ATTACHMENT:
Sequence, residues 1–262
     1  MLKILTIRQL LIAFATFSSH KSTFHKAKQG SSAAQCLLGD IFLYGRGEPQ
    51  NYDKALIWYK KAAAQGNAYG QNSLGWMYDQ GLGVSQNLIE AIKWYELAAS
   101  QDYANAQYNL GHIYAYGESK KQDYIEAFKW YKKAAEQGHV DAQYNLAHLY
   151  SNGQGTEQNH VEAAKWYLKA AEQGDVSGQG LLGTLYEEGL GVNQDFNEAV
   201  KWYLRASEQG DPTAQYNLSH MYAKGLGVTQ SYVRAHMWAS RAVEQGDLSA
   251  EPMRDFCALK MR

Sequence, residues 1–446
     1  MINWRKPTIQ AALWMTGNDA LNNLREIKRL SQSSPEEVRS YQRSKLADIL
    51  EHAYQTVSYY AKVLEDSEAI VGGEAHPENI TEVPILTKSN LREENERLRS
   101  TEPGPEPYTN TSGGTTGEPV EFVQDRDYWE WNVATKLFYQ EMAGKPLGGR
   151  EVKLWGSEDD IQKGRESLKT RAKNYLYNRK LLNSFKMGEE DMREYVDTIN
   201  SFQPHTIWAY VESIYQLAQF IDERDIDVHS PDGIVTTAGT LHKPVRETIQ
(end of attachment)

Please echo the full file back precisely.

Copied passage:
Sequence, residues 1–262
     1  MLKILTIRQL LIAFATFSSH KSTFHKAKQG SSAAQCLLGD IFLYGRGEPQ
    51  NYDKALIWYK KAAAQGNAYG QNSLGWMYDQ GLGVSQNLIE AIKWYELAAS
   101  QDYANAQYNL GHIYAYGESK KQDYIEAFKW YKKAAEQGHV DAQYNLAHLY
   151  SNGQGTEQNH VEAAKWYLKA AEQGDVSGQG LLGTLYEEGL GVNQDFNEAV
   201  KWYLRASEQG DPTAQYNLSH MYAKGLGVTQ SYVRAHMWAS RAVEQGDLSA
   251  EPMRDFCALK MR

Sequence, residues 1–446
     1  MINWRKPTIQ AALWMTGNDA LNNLREIKRL SQSSPEEVRS YQRSKLADIL
    51  EHAYQTVSYY AKVLEDSEAI VGGEAHPENI TEVPILTKSN LREENERLRS
   101  TEPGPEPYTN TSGGTTGEPV EFVQDRDYWE WNVATKLFYQ EMAGKPLGGR
   151  EVKLWGSEDD IQKGRESLKT RAKNYLYNRK LLNSFKMGEE DMREYVDTIN
   201  SFQPHTIWAY VESIYQLAQF IDERDIDVHS PDGIVTTAGT LHKPVRETIQ